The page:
A decade later, post-9/11 security measures still ineffective

Posted on Feb 1, 2011

A decade later, post-9/11 security measures still ineffective

National security experts agree that the millions of unscreened shipments entering U.S. ports are vulnerable for terrorist activity. But implementing screening efforts have been a debacle.

In the wake of the alarming recognition of our nation’s vulnerability—and a horrified post-9/11 American public—Congress frenzied throughout the last decade to ensure more superior homeland security. The result was the umbrella legislation for various smaller bills known as the 9/11 Commission Act, passed in 2007. The bill was Congress’ attempt to patch the large security pothole that allows volatile materials and individuals to enter and move about the U.S., as well as to heighten emergency response effectiveness.

A panoramic view shows shipping containers lined up at a port. Security experts believe that the standard containers are vulnerable to terrorist activity. Still, screening processes have not been implemented.

Much of the bill appeals to the most basic of homeland security logic: Why wouldn’t the vast amounts of cargo travelling about the U.S. be screened in a similar fashion as are travelling passengers and luggage? One can only imagine the gleaming prospect for terrorist activity, should the opportunity present itself for an individual to rather unanimously board unscreened packages via American aircraft or vessel. Congress worked to defeat this menace with a plethora of solid verbal, written, and even monetary commitments to homeland security over the past decade.

But without significant change to security procedures, Public Law 110-53 was created, a 286-page act made to implement the 9/11 Act itself and actually put into action the security recommendations put forth by the National Commission on Terrorists Attacks Upon the United States. A step in the right direction resulted from PL 110-53: Requirements were set forth upon the TSA to screen all airborne cargo prior to when it is loaded for travel in U.S. territory, requirements of which finally went into effect on August 1, 2010.

Now more than six months later,security experts begin to weigh in on the decade-long efforts put forth by the TSA and Congress, as it becomes possibleto determine the results of screening requirements, and if the nation is any safer today than it was on September 11, 2001. And regrettably, the answer is—no.

Even if the airborne cargo screening is effective, the monstrous majority of shipments roaming about the U.S. remain unchecked for explosives and radioactivity: Ninety-five percent of imports arrive via sea, and are not subject the TSA screening mandates. The 40-foot marine containers that have become the standard for maritime import are especially susceptible to terrorist exploitation due to their sheer volume and familiarity (i.e., each container is identical, despite what’s inside). Experts agree that explosives, weapons, and nuclear or radioactive materials could be smuggled into shipping containers—to be found on U.S. ships, trains, and winding down our highways on 18 wheelers—could be smuggled in containers free of screening.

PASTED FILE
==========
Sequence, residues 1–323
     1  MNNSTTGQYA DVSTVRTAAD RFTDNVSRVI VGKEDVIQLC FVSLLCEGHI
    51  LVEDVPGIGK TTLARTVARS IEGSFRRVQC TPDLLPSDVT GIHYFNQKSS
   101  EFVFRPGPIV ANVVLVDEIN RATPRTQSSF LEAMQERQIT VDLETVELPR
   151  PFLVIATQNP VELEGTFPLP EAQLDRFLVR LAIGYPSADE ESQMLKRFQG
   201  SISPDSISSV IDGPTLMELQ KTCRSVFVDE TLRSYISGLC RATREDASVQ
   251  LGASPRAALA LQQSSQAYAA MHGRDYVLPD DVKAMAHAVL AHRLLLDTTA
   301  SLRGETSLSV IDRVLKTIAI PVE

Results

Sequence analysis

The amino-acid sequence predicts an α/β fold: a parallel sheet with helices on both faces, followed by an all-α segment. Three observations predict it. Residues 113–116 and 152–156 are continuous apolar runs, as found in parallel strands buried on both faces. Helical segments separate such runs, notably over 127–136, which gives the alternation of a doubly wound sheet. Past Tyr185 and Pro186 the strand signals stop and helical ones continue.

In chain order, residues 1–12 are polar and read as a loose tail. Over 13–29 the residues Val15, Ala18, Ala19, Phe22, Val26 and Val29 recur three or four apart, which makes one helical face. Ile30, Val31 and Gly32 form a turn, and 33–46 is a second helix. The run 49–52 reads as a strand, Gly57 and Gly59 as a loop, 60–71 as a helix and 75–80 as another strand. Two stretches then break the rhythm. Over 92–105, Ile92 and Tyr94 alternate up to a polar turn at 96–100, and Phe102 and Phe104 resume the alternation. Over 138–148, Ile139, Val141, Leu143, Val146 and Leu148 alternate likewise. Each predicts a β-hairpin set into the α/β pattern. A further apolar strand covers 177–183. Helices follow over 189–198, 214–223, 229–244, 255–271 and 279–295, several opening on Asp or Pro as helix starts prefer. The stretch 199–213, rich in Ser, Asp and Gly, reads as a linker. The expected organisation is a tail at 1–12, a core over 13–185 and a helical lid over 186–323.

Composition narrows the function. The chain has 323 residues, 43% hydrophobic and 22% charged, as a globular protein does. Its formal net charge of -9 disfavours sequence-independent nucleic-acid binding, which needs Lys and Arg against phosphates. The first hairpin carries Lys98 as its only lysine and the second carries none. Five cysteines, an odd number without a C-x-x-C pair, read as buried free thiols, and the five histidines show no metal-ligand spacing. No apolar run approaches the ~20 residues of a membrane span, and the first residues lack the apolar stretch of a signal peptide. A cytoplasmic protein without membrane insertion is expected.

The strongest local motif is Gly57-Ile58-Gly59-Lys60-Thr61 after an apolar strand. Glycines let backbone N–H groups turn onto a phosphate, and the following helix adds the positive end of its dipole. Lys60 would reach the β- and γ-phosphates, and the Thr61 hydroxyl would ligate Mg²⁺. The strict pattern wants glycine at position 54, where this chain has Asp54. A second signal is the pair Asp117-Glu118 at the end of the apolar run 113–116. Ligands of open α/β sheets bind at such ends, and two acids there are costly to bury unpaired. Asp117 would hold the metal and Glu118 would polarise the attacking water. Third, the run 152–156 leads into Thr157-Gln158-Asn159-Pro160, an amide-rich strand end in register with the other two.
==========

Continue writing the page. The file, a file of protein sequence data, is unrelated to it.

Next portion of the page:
This is not to say that Congress has turned its back on the issue. Former Secretary of Homeland Security Michael Chertoff wrote, in PL 110-53, “A container that was loaded on a vessel in a foreign port shall not enter the United States (either directly or via foreign port) unless the container was scanned by nonintrusive imaging equipment and radiation detection equipment at a foreign port before it was loaded on a vessel.”

The key to homeland security initiatives is effective implementation, without which legislation and finances remain wholly futile. Evidently, meeting the current security necessities has been a battle.

What did Congress promise the American people following 9/11? See the 9/11 Commission Bill summary here.

In a related US News & World Report article from August 17, 2010, columnist Chris Battle discusses how and why Congress made empty promises regarding national security. Read article HERE.

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